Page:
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The Evolution of Communities – Social Design and Key Metrics for Every Stage

Ligaya Tichy joins us from early stage communities of Yelp and Airbnb; without hyperbole, she is legendary. Thankfully, she led us on a step by step guide on building community from Day 1 to Market Leader, calling upon her many years of experience to color a fantastic bible of community for us.

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Phase 1 of Community: Establish and Grow:

  • Day 1: Basic product, no frills. Ligaya asks: do you need a CM this early? She believes that a Community Manager should be one of the first five hires, as they are the best people to recruit early adopters and set tone/culture of the community.
  • Leverage existing communities with similar goals to jumpstart your own, utilizing forums like Reddit to create a built in community for your product.
  • Early adopters: Get into the heads of the community, find out what they want to learn and share.
  • Bring real world behaviors online, and set the stage for interaction.
  • Skill share: Locate potential interaction points to spur users along. Locate key interaction points in user journey to provide encouragement to keep them going.
  • Check your Metrics: look at monthly users (target: 30%), daily users (target 10%) and percentage daily users are using product at same time (target: 10%). If you aren’t hitting these numbers, something is wrong.

Hello, I'm Ligaya!

Phase 2 of Community: Rewards and Rituals:

  • What is the easiest way to get people excited about product? Vanity recognition doesn’t work in the long run; we must only reward meaningful contributions.
  • The ritual and rites of passage establishes the community. Great example can be found with Lyft (refer to session with Emily at Lyft to learn more).
  • Communities can also provide critical support during times of hardship. It is difficult for people to express their emotions publicly. How does your community help personal communications occur between users?
  • Learning, Play, Support: We need these three things together to feel sense of belonging to be accepted by people that know who we are, that respect us and reciprocate. It can result in meaningful experience, as when we experience these things together we feel a sense of belonging.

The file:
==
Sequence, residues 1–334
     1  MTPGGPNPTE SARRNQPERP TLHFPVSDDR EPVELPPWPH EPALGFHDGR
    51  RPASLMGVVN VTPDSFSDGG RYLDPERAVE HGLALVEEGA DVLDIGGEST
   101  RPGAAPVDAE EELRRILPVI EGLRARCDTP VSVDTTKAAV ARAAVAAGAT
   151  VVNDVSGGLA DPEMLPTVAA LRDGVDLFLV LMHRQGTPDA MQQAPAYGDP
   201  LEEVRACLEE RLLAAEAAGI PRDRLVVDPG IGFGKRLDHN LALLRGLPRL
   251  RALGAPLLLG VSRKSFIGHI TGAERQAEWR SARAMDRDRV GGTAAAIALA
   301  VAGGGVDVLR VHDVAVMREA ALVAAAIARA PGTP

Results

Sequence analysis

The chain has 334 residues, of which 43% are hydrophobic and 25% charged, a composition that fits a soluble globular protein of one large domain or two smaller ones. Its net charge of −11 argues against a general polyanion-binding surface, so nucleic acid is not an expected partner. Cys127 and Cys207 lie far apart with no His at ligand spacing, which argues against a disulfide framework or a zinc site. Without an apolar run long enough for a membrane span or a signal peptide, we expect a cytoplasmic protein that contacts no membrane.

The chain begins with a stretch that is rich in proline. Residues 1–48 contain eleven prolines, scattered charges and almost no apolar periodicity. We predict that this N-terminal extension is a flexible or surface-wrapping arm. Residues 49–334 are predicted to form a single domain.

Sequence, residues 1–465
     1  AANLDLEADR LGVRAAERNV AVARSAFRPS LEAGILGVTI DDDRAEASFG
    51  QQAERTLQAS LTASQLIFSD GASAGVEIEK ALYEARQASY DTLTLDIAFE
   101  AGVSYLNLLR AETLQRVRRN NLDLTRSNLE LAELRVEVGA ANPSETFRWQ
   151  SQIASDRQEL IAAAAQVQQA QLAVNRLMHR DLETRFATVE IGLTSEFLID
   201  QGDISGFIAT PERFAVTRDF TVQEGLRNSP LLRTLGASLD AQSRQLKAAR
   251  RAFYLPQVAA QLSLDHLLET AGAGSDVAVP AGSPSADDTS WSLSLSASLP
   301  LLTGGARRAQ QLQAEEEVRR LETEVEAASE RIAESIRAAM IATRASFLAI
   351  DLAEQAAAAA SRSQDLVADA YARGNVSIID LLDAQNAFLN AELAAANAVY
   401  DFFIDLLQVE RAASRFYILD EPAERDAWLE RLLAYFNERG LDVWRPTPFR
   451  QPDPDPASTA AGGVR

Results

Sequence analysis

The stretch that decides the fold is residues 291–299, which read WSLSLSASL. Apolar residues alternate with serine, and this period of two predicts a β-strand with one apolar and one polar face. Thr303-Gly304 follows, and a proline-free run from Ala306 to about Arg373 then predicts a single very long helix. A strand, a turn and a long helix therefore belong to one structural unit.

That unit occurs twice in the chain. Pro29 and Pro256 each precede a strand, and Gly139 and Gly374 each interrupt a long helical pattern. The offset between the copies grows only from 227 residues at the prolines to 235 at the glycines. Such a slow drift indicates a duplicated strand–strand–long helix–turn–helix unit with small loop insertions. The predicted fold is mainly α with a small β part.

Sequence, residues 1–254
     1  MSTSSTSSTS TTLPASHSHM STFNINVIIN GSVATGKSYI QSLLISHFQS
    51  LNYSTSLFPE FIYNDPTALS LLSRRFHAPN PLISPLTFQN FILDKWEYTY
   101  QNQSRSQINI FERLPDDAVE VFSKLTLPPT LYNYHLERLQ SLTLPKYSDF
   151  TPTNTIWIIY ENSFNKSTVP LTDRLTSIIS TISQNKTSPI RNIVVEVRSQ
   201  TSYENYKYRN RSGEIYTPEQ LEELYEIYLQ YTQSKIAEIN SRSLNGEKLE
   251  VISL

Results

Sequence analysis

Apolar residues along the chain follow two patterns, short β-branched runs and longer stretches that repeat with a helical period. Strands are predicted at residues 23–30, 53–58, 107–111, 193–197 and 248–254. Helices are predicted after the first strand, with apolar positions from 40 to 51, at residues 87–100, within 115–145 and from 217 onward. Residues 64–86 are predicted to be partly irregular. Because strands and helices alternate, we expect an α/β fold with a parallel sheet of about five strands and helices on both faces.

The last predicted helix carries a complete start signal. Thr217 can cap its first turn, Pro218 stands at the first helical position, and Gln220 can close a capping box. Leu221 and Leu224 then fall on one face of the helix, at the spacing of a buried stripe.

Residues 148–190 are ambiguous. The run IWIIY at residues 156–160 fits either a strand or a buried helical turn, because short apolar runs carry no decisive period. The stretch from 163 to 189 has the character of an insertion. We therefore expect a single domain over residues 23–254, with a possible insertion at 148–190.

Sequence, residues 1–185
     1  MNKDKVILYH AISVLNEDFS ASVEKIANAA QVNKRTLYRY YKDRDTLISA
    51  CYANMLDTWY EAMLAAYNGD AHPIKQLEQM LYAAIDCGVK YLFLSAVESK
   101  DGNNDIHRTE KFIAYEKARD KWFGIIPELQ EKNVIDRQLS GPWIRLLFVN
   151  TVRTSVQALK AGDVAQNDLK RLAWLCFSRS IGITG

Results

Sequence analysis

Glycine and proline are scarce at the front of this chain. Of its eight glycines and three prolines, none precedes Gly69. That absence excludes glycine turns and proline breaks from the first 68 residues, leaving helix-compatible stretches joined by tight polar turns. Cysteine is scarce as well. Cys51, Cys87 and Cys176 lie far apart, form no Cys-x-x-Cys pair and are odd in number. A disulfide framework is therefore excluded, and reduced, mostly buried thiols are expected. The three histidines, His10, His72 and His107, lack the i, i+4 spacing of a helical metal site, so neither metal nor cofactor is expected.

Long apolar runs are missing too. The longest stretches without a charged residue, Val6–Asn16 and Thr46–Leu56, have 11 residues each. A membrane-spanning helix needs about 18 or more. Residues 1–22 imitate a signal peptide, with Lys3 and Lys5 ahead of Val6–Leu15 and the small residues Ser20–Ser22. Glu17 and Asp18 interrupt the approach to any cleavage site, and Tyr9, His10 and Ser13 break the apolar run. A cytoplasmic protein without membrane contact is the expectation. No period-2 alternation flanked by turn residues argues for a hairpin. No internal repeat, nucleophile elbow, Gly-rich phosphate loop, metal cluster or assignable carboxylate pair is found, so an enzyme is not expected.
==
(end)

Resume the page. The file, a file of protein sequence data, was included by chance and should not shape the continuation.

Live your values, especially during crises.

Live your values, especially during crises.

Phase 3 of Community: Expanding Segments and Markets

  • Building community by most populated cities method is flawed: we should go to areas where there is strong organic growth, which means there are early adopters there that understand the culture of the brand.
  • Community Identity: When people open app, they should see people that look like them, they can identify with, that speak their language.  We should put the community at foreground.
  • As you launch new markets, you’re going back to stage 1: going back to customer development, making sure value prop still makes sense. Flood of new users need to learn the norms of the community.
  • Growing pains are made better by clear rules and consequences: It is common to see attrition at this stage of early users. Keep caliber high for rest of the community. Go back to user guides; open channels of communications to address publicly.
  • Hearing words directly from user invokes deeper empathy with product/dev teams. Example of postcards at Airbnb, appearing that it came directly from the user – wrote verbatim what the user was experiencing; made impact for dev to listen and realize it was not just a number tally.
  • The community is the best recruiting pool; the best CM’s are already apart of the community.
  • Live your values, especially during crises. They are the moments that engender trust in your leadership.

Last Stage of Community: Market Leadership

  •  This stage is all about loyalty and retention with the existing community, which should be a good compilation of early adopters/power users, with healthy virility growth from existing members to create a cohesive community.
  • Create unexpected joy: example from Disney of Take 5: each employee takes five minutes every day to do something directly for a customer. This speaks to the higher purpose of your community.
  • Never stop listening: example from Adobe of their listening booth, which encourages employees to hear customer service calls and watch incoming help tickets in real time to be aware of customer needs.
  • Partner with others who want to change the world the same way you do: example of peers.org, partnering together with shared values to improve the world.
  • We can let relationships form, but we must find people in community space with similar values.

Closing note: What can we build together?

Huge thanks to Ligaya for taking the time to break this down for us, hopefully providing a great action plan for your next project! Ligaya can be found on Twitter, and on her blog.

 

Editor’s Note:  We’re live from the #CMXSummit all day today at Dogpatch Studios in San Francisco.  We’ll be covering all of the sessions, but you can livestream the event as well: http://bit.ly/cmxlive 

Photos by Abby Sturges.  See more of her work on abbysturges.com

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Ashley Hayes

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